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force, October 14, 1966) are not general submissions to United States jurisdiction. The District of Columbia Circuit subsequently ruled that the agreement to arbitrate before ICSID had not implicitly waived Guinea's sovereign immunity before United States courts because the agreement did not envisage a role for United States courts in compelling "stalled" arbitration.

In United States v. Fedorenko, 597 F.2d 946 (5th Cir. 1979), reh'g and reh'g en banc denied, 601 F.2d 1195, cert. granted, 444 U.S. 1070 (1980), aff'd on other grounds, 449 U.S. 490 (1981), the defendant's naturalization had been revoked because he had misrepresented material facts as to his whereabouts during World War II, both in his 1949 application for an immigrant visa under the Displaced Persons Act and in his 1969 application for citizenship. (Fedorenko, a Ukrainian prisoner-of-war of the Germans, had been assigned to serve as a guard in the Nazi death camp at Treblinka. After failing to overturn the revocation of his naturalization, he was deported in December 1984, pursuant to an order of the Board of Immigration Appeals, to the Soviet Union, where he was tried and convicted of, among other things, having participated in mass executions, and reportedly sentenced to death in June 1986.)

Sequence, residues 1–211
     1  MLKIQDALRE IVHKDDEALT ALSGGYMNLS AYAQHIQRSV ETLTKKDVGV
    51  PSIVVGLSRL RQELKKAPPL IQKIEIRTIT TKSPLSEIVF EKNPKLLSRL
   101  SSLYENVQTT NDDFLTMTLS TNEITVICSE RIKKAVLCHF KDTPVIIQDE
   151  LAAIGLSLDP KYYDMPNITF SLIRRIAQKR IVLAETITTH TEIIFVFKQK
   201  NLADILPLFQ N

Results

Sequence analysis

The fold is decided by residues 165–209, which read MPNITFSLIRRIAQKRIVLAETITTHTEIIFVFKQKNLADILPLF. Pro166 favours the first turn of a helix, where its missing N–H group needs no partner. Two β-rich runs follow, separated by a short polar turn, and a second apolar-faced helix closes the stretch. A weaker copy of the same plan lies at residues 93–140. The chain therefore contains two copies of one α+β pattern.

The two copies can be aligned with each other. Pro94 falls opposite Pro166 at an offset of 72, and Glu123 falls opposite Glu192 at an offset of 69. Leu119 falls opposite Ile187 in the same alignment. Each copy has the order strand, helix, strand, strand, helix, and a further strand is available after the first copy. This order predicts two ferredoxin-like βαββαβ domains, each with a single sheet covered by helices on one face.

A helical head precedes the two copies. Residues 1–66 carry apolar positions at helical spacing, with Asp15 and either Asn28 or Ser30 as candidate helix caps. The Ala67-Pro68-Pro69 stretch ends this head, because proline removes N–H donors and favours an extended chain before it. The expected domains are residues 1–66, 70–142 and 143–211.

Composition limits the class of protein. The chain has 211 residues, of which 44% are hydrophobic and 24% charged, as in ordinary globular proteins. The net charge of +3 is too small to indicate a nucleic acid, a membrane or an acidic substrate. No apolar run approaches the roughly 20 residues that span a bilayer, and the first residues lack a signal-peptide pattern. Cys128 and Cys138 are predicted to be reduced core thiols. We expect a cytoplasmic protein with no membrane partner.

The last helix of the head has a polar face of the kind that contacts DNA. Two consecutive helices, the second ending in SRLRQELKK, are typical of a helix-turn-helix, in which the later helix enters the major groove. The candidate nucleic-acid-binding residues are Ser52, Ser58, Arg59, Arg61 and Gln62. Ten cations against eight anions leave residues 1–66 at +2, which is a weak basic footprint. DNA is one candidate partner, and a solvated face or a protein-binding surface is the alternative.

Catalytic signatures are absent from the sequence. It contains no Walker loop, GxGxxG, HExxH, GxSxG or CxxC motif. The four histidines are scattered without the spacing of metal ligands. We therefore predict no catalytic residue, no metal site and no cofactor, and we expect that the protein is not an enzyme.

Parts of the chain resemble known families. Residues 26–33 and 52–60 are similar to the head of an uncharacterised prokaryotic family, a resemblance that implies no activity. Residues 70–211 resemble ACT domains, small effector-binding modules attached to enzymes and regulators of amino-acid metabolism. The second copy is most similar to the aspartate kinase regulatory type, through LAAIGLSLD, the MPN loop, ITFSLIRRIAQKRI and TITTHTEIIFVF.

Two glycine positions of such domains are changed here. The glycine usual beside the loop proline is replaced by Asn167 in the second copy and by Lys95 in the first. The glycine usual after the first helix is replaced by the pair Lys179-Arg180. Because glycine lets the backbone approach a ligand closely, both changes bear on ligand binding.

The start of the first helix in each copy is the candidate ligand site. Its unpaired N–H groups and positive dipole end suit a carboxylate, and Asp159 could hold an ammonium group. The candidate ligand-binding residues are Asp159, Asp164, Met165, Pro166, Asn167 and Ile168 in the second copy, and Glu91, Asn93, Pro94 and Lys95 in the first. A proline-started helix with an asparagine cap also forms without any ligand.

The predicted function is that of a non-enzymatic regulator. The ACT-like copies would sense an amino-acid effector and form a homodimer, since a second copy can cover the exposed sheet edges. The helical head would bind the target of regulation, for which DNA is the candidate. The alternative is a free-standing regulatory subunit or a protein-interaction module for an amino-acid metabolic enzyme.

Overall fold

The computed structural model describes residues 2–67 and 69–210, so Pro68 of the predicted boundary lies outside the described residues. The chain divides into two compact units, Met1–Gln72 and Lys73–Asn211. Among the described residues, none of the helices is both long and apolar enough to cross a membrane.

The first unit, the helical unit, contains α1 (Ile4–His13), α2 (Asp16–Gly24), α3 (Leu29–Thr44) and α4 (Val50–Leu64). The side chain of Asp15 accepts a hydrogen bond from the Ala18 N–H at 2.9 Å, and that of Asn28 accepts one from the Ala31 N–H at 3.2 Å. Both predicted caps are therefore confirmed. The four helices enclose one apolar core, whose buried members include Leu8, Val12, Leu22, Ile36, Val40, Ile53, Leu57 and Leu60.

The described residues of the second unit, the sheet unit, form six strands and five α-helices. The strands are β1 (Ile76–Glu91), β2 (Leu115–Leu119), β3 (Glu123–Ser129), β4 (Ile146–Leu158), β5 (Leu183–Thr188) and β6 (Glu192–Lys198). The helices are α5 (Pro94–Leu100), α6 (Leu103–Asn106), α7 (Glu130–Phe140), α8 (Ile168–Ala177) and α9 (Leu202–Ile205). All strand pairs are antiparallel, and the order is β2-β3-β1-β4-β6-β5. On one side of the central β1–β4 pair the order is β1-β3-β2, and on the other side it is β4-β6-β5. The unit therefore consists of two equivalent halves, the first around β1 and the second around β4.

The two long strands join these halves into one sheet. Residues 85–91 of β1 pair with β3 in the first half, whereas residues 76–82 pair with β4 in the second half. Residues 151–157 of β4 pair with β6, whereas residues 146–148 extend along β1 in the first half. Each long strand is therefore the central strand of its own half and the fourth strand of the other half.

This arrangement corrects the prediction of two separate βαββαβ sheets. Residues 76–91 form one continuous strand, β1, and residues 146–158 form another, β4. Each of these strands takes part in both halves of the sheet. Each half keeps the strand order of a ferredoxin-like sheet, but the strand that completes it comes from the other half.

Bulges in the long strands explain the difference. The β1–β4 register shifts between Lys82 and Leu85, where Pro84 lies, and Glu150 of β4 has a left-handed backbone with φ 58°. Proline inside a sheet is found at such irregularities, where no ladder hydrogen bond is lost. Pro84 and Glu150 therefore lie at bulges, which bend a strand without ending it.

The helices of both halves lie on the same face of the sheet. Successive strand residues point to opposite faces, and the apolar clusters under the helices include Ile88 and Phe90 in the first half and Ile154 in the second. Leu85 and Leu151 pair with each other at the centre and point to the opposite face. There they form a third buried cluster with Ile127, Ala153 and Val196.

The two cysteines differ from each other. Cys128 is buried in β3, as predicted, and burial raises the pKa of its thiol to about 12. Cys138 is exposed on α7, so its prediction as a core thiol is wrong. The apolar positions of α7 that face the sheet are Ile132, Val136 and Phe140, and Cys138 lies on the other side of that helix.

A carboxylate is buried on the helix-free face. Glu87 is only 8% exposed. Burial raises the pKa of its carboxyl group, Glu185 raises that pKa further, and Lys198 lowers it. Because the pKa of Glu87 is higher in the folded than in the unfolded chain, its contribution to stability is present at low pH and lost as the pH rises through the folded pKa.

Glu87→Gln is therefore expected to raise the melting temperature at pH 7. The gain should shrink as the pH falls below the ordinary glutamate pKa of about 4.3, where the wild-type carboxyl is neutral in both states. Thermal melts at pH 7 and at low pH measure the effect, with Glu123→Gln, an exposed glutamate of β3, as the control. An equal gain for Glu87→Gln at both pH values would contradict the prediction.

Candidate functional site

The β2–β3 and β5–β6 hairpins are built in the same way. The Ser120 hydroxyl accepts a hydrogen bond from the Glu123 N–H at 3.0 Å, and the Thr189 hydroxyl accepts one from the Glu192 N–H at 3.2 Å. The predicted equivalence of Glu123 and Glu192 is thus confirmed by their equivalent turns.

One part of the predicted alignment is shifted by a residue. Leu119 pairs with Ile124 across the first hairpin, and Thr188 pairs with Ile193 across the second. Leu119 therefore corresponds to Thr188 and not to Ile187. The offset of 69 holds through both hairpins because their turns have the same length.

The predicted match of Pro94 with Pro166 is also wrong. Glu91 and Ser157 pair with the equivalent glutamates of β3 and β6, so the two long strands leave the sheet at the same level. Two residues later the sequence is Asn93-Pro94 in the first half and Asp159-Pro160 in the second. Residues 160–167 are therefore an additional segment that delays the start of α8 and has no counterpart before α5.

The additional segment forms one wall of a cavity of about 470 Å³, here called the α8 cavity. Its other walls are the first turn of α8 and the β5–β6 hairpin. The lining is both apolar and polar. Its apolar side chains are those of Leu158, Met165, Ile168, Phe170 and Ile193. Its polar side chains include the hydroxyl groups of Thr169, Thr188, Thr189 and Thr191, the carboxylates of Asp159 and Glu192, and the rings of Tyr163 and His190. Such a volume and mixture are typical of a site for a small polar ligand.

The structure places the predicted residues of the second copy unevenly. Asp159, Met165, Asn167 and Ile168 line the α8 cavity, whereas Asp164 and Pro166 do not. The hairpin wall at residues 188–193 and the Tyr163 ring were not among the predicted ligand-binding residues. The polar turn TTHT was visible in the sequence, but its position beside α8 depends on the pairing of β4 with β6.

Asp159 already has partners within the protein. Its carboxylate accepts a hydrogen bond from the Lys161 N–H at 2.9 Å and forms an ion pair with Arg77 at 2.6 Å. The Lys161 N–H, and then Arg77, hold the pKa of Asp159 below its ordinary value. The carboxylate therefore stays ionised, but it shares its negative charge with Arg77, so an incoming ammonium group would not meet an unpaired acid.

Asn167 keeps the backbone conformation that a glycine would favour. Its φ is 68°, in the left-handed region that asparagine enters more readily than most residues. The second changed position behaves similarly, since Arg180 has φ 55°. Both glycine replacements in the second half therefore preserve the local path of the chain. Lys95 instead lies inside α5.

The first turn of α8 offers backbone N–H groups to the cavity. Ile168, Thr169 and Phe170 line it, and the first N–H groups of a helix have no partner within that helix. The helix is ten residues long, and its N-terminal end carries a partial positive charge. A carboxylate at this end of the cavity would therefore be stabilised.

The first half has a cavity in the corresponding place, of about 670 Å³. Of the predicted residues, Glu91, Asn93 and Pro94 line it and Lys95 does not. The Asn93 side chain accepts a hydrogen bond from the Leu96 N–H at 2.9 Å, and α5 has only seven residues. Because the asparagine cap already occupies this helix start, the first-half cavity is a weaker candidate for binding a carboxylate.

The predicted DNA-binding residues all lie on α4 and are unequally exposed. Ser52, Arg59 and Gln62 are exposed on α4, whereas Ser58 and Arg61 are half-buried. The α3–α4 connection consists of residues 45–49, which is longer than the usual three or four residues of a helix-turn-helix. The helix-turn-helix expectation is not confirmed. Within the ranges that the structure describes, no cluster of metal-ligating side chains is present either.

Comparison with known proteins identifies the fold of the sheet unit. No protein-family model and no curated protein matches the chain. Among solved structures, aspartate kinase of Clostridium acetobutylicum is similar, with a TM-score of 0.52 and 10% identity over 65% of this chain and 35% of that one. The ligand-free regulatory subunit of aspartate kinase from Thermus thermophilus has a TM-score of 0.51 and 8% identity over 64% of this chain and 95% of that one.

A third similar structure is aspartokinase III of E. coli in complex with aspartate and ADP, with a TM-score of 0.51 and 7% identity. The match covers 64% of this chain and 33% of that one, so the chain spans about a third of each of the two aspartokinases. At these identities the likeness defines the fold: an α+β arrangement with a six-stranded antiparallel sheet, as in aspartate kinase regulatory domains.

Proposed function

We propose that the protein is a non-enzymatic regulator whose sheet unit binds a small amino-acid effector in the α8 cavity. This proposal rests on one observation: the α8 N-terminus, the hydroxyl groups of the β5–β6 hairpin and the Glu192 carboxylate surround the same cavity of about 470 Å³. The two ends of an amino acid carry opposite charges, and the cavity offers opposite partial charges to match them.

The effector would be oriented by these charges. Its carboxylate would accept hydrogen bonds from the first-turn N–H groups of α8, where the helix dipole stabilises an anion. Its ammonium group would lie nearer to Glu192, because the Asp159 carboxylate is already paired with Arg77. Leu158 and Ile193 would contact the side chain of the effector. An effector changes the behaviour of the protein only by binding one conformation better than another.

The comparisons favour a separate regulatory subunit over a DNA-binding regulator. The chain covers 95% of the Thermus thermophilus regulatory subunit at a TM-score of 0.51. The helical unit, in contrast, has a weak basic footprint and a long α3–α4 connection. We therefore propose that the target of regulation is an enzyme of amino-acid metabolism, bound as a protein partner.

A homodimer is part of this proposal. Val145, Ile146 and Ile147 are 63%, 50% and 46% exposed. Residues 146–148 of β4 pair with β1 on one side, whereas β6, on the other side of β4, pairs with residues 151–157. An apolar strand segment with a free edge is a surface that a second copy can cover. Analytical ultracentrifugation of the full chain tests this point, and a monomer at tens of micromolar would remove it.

The district court had ruled in 1978 that Fedorenko's admitted deception as to his whereabouts during World War II did not constitute a material misrepresentation and concealment within the meaning of section 340(a) of the Immigration and Nationality Act, 8 U.S.C. 1451(a) (see the 1978 Digest, pp. 337-340). Reversing, the United States Court of Appeals for the Fifth Circuit had held in 1979 that the United States did not need to prove ultimate facts warranting denial of citizenship but need only prove that full disclosure would have led to further inquiry-possibly uncovering such facts. (The Supreme Court affirmed the Fifth Circuit on other grounds, considering that the mere fact of Fedorenko's service as a guard at Treblinka excluded him from the definition of a "displaced person" and made him ineligible to receive a visa under the Displaced Persons Act. The Supreme Court upheld the Fifth Circuit's ruling, moreover, that district courts lack discretionary authority in denaturalization proceedings, once the Government has proved that the naturalized citizen has obtained citizenship illegally or by willful misrepresentation.)

Chadha v. Immigration and Naturalization Service, 634 F.2d 408 (9th Cir. 1980), aff'd, 462 U.S. 919 (1983), presented a successful challenge to the constitutionality of a “legislative veto" provision in section 244(c)(2) of the Immigration and Nationality Act, 8 U.S.C. 1254(c)(2). The Attorney General had suspended Chadha's deportation pursuant to section 244(a)(1), in part because of a finding of "extreme hardship" to Chadha. The House of Representatives had